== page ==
Red wine and benefits:
People have been drinking alcohol for thousands of years, although the World Health Organization reports that alcoholic beverages kill millions each year.
In the past few decades, it has been widely believed that wine is good for health, and studies have linked drinking red wine to longevity and a lower risk of heart disease. So is wine really good for health?
When we mention the benefits of wine, many may think of heart health. However, less well-known research revealed a strong link between alcoholic beverages and cancer, as the study stated that consuming one bottle per week of wine may increase the risk of cancer for non-smokers by 1 percent for men and 1.4 percent for women.
One bottle of wine per week is equivalent to smoking five cigarettes for men and 10 for women.
And they noticed a clear relationship between wine consumption and lower rates of heart disease, and scientists are still trying to untangle this puzzling relationship until now.
These studies have led us to believe that drinking in moderation may reduce the risk of heart disease, high blood pressure, diabetes and obesity.
Helena Koniper, assistant director of the International Scientific Forum for Alcohol Research, says early research has shown that regular low-drinking may lead to longer life, better health and protection against cognitive decline.
Since then, scientists have long agreed that completely abstaining from alcoholic beverages is more harmful to health than consuming moderate amounts of it (equivalent to once or twice a day).
But now many researchers believe that most of this information is incorrect, because the people who underwent these studies may not have developed the diseases because they abstained from drinking, but rather they may have stopped drinking alcohol because they were sick.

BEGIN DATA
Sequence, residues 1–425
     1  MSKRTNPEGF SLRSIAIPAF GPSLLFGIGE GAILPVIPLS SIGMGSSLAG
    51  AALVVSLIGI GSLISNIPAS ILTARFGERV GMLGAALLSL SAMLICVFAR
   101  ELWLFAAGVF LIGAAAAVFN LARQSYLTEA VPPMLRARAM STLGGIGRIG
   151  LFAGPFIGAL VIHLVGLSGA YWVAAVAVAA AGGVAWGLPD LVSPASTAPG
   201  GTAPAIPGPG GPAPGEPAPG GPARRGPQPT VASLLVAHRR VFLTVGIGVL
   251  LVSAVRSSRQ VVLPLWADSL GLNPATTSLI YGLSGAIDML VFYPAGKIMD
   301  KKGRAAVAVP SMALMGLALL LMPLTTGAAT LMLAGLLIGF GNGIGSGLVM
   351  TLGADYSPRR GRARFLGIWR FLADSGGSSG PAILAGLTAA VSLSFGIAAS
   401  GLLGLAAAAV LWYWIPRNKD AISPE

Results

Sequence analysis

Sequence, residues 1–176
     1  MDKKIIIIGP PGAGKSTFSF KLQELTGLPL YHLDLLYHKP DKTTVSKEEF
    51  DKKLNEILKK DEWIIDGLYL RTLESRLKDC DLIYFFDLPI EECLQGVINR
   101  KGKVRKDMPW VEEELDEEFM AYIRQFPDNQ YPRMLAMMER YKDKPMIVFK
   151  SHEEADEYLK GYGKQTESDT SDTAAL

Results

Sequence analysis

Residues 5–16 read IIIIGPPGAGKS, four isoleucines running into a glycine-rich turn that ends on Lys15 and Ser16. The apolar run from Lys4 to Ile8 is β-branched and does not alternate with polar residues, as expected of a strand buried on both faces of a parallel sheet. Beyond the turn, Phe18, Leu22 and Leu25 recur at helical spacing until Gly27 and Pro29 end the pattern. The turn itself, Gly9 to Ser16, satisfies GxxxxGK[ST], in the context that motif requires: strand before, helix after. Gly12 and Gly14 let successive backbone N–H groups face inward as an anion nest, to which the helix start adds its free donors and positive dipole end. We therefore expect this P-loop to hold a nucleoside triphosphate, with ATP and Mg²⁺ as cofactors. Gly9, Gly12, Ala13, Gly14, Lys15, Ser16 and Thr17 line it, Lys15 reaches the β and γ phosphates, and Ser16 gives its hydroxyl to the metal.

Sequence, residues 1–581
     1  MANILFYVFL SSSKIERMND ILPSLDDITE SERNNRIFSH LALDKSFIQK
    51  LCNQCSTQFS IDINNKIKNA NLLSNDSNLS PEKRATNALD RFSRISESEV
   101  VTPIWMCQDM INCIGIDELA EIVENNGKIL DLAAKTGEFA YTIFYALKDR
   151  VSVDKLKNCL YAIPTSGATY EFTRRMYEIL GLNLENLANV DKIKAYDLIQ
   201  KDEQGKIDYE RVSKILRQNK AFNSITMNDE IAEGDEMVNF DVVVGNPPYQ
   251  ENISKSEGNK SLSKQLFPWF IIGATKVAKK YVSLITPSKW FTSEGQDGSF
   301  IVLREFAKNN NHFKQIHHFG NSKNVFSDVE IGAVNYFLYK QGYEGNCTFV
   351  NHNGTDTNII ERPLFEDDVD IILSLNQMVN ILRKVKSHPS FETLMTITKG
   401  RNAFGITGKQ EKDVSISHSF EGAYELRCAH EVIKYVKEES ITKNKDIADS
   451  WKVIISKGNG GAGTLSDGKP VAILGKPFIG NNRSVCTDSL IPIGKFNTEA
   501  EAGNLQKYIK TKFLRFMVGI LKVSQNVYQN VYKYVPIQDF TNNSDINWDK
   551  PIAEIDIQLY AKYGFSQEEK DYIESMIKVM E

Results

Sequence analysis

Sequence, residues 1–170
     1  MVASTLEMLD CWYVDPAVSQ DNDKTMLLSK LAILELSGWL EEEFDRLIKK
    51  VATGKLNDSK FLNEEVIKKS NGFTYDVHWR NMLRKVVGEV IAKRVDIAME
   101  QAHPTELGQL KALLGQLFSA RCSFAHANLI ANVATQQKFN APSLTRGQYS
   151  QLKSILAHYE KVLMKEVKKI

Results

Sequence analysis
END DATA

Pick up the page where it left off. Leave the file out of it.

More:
An analysis of 54 studies in 2016 found no association between moderate drinking and a reduced risk of heart disease.
Conipper says that over the past five years, scientists have examined some of the other factors that might influence these results, such as the wine drinkers’ wealth, higher education and physical activity.
In a 2019 study, researchers followed more than 500,000 adults in China for 10 years, excluding people with health problems.
Zhengming Chen, one of the study’s authors and professor of epidemiology at Oxford University, says that certain genetic differences in some people make them intolerant to drinking at all. While people without genetic defects can drink any amounts of alcohol.
A study concluded that the more people consumed alcohol, the greater their odds of developing high blood pressure and stroke, over a period of ten years, but alcohol consumption did not affect the odds of heart attack.
The researchers concluded that the more alcohol people consumed, the more likely they were to develop high blood pressure and stroke, but the researchers found no relationship between drinking alcohol and the risk of heart attack.
2 tablespoons kosher for Passover vegetable oil
6 flanken-style short ribs with bones, cut 2 inches thick (about 4 pounds)
Kosher salt and freshly ground pepper
1 large onion, finely chopped
2 carrots, chopped
3 celery ribs, sliced
6 garlic cloves, smashed
One 750-milliliter bottle kosher for Passover dry red wine, such as Cabernet Sauvignon
4 thyme sprigs
1 rosemary sprig
3 cups chicken stock
In a large skillet, heat the oil. Season the ribs with salt and pepper. Add them to the skillet and cook over moderate heat, turning once, until browned and crusty, about 18 minutes. Transfer the ribs to a shallow baking dish in a single layer.
Add the onion, carrots, and celery to the skillet and cook over low heat, stirring occasionally, until very soft and lightly browned, about 15 minutes. Add the garlic and cook for another 5 minutes.
Add the wine and herbs and bring to a boil over high heat. Pour the hot marinade over the ribs and let cool. Cover and refrigerate overnight, turning the ribs once.
Preheat the oven to 350°. Transfer the ribs and marinade to a large casserole, preferably cast-iron. Add the chicken stock and bring to a boil. Cover and cook in the lower third of the oven for 1 1/2 hours, until the meat is tender but not falling apart.
Uncover and braise for 45 minutes longer, turning the ribs once or twice, until the sauce is reduced by about half and the meat is very tender.
With a slotted spoon or spider, transfer the meat to a clean shallow baking dish, discarding the bones as they fall off. Strain the sauce into a heatproof measuring cup and skim off as much fat as possible.
Pour the sauce over the meat; there should be about 2 cups. Keep warm in a saucepan over the lowest possible heat.
Preheat the broiler. Broil the meat, turning once or twice, until glazed and sizzling, about 10 minutes.
Transfer the meat to plates, spoon the sauce on top and serve.